Fundamental to the Christian worldview is the Word, Jesus Christ. Of great importance in determining not only who Jesus is but also what He taught are the words of God contained within the Christian Bible, more specifically the twenty-seven books contained in the New Testament. Where the New Testament came from and the amount of authority that can be allocated to that text have been the questions of theologians for nearly two millenniums. More recently, historians and scholars have questioned the veracity of the Biblical text and its formation as a holy book. The task of this two-week series is to examine but a facet of this greater conversation, namely, the question of the development of the Christian New Testament canon and the factors which contributed to this collection.Numerous scholars have devoted their careers to studying the development of the New Testament canon, including Adolf von Harnack, Hans van Campenhausen, Theodore Zahn, A. C. Sundburg, and Bruce Metzger, to name but a few luminaries. This series will cover the contributing factors that are generally seen as highly formative and illuminating on the discussion as a whole, necessarily leaving out many of the ‘boring scholastic details’ in order to present an overarching picture of canonical development. Fortunately, scholarship has outlined several key “moments” within the formation of the New Testament canon: the definition of “canon”; the context of Second Temple Judaism; the evidence of the Apostolic Fathers; Second century Fathers such as Justin Martyr and Irenaeus of Lyons; the impact of heretics such as Marcion, Montanus, and various Gnostic groups; and early canonical lists, such as that of Athanasius. It is these topics to which we will turn over the next couple of weeks. In surveying these important areas, we shall see that while an effectively closed canon of the Christian church was not completed until the fourth century in most places, nevertheless the words of Jesus Christ, the foundation and founder of Christianity, and the writings of His Apostles were held in high regard since their delivery.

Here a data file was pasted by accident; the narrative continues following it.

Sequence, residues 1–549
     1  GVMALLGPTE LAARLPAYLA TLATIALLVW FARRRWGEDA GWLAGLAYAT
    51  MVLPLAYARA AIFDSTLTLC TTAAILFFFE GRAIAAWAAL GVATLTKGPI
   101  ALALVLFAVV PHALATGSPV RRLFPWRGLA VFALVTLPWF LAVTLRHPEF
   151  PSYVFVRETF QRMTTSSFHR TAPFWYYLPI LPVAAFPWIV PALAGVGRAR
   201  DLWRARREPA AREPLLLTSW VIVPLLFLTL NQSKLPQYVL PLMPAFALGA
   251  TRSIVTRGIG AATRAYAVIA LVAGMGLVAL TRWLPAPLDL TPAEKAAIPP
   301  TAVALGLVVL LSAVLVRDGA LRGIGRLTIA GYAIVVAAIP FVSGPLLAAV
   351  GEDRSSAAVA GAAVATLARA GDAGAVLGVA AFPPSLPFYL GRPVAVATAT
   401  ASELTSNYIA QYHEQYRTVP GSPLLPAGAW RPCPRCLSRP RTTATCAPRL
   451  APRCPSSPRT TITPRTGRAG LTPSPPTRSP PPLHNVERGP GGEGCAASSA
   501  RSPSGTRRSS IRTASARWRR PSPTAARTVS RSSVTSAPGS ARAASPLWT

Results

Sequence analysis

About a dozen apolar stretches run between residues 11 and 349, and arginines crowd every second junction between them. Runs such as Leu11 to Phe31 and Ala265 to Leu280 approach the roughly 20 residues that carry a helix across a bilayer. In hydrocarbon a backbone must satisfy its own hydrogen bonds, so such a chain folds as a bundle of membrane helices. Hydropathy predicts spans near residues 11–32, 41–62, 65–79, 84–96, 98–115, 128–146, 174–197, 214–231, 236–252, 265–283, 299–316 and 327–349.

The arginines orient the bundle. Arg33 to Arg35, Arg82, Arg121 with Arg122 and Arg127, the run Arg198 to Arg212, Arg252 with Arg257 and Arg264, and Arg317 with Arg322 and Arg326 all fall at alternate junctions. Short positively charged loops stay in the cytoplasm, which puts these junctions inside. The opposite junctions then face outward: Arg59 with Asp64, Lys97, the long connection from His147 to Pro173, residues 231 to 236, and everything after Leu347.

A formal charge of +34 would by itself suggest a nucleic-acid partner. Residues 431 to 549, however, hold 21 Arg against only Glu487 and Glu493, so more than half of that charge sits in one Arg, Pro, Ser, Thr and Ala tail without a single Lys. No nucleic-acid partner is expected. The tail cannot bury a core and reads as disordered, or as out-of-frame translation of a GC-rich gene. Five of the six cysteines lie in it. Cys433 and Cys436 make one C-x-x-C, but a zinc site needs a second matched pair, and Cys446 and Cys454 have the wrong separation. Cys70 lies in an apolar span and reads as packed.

Scholars such as Bart Ehrman (Misquoting Jesus, Lost Christianities, and The Orthodox Corruption of Scripture), Walter Bauer, and Darmaid McCulloch come to mind.